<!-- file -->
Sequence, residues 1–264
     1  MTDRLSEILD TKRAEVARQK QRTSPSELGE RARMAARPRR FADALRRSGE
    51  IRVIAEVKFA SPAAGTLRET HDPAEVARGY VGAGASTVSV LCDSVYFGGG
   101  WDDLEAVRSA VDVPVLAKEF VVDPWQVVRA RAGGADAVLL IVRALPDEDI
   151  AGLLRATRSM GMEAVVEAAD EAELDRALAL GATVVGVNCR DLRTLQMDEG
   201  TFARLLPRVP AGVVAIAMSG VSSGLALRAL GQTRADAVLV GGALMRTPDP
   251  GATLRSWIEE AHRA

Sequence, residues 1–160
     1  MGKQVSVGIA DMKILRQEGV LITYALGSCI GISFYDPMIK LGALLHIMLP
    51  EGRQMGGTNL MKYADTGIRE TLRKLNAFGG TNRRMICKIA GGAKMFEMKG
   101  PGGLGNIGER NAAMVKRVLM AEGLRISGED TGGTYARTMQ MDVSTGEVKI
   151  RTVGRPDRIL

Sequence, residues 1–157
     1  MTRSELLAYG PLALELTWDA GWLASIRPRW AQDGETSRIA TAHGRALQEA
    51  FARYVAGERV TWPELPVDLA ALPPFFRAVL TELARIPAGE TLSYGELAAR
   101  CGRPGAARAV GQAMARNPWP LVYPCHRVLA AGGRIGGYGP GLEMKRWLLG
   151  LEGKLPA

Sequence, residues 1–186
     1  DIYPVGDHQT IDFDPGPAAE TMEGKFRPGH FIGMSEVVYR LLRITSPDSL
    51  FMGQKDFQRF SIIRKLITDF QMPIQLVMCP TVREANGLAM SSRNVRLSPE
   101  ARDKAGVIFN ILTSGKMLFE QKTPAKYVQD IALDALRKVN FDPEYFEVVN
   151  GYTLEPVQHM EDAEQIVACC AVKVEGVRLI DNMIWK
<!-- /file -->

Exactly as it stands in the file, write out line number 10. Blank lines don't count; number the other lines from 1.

    51  EGRQMGGTNL MKYADTGIRE TLRKLNAFGG TNRRMICKIA GGAKMFEMKG